# [R] significance in difference of proportions

Torsten Hothorn Torsten.Hothorn at rzmail.uni-erlangen.de
Thu Nov 27 18:18:06 CET 2003

```> Hello,
>
> I'm looking for some guidance with the following problem:
>
> I've 2 samples A (111 items) and B (10 items) drawn from the same unknown
> population. Witihn A I find 9 "positives" and in B 0 positives. I'd like to
> know if the 2 samples A and B are different, ie is there a way to find out
> whether the number of "positives" is significantly different in A and B?
>
> I'm currently using prop.test, but unfortunately some of my data contains
> less than 5 items in a group (like in the example above), and the test
> statistics may not hold:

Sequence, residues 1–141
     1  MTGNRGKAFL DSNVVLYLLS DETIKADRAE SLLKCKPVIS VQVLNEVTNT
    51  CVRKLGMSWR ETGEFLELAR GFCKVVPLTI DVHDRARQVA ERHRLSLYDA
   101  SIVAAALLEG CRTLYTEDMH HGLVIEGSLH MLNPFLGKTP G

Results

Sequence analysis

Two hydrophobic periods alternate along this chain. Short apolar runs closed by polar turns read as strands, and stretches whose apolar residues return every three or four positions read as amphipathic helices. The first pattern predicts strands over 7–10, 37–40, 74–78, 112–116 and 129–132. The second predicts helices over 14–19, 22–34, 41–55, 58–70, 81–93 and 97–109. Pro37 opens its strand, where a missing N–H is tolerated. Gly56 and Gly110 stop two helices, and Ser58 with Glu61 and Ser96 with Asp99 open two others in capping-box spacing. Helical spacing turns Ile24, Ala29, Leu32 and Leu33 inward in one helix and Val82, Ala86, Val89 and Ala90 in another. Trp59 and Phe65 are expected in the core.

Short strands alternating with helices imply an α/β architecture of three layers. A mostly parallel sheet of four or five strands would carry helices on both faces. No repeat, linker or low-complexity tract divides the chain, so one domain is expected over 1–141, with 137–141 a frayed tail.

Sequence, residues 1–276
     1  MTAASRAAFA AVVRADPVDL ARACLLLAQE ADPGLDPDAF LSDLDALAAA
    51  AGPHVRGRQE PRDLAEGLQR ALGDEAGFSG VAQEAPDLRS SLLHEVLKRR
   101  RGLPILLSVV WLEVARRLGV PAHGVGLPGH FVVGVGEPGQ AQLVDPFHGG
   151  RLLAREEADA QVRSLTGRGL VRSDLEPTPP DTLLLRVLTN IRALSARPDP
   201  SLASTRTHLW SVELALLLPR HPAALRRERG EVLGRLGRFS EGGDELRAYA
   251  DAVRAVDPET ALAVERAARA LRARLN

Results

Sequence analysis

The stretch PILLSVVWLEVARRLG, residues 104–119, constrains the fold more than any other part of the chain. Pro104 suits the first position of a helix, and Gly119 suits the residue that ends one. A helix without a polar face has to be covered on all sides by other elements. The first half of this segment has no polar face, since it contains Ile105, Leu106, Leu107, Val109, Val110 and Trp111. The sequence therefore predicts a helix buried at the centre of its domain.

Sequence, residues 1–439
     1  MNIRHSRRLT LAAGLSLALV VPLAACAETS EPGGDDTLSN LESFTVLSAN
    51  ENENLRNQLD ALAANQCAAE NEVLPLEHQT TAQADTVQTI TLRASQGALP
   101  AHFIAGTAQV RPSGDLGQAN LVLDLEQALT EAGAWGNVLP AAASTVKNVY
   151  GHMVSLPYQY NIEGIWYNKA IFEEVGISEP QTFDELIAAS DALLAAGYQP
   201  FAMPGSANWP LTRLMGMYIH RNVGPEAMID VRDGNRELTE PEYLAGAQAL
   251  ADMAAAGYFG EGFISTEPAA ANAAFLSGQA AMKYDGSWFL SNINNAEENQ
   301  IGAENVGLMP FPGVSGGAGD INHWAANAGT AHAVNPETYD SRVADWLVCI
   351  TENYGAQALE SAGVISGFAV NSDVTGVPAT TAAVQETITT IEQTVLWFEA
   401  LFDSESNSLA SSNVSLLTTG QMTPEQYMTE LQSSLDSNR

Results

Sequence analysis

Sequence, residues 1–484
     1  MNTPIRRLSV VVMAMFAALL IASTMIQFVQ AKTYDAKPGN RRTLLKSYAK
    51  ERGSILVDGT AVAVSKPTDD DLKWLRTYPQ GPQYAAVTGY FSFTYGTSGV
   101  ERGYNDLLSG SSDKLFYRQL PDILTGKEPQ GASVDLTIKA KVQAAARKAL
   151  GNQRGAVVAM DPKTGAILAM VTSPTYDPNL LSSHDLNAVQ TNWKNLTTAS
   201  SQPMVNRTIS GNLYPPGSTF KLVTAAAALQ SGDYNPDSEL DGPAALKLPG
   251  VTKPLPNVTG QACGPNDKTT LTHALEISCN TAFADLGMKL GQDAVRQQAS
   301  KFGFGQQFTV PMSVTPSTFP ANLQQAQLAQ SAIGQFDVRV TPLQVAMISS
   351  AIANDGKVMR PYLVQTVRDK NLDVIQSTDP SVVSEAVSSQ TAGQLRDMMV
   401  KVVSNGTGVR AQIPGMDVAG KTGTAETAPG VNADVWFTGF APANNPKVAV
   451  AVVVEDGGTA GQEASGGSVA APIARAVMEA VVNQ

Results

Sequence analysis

The statistic is fine, the approximation to its null distribution may be
questionable :-)

>
> > prop.test(c(9,0), c(111,10))
>
>         2-sample test for equality of proportions with continuity correction
>
> data:  c(9, 0) out of c(111, 10)
> X-squared = 0.0941, df = 1, p-value = 0.759
> alternative hypothesis: two.sided
> 95 percent confidence interval:
>  -0.02420252  0.18636468
> sample estimates:
>     prop 1     prop 2
> 0.08108108 0.00000000
>
> Warning message:
> Chi-squared approximation may be incorrect in: prop.test(c(9, 0), c(111, 10))
>
>
> Do you have suggestions for an alternative test?
>

you may consider a permutation test for two independent samples:

R> library(exactRankTests)
R> x = c(rep(1, 9), rep(0, 102))
R> y = rep(0, 10)
R> mean(x)
 0.08108108
R> mean(y)
 0
R> perm.test(y, x, exact = TRUE)

2-sample Permutation Test

data:  y and x
T = 0, p-value = 0.6092
alternative hypothesis: true mu is not equal to 0

Best,

Torsten

> 	many thanks for your help,
> 	+kind regards,
>
> 	Arne
>
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>
>

```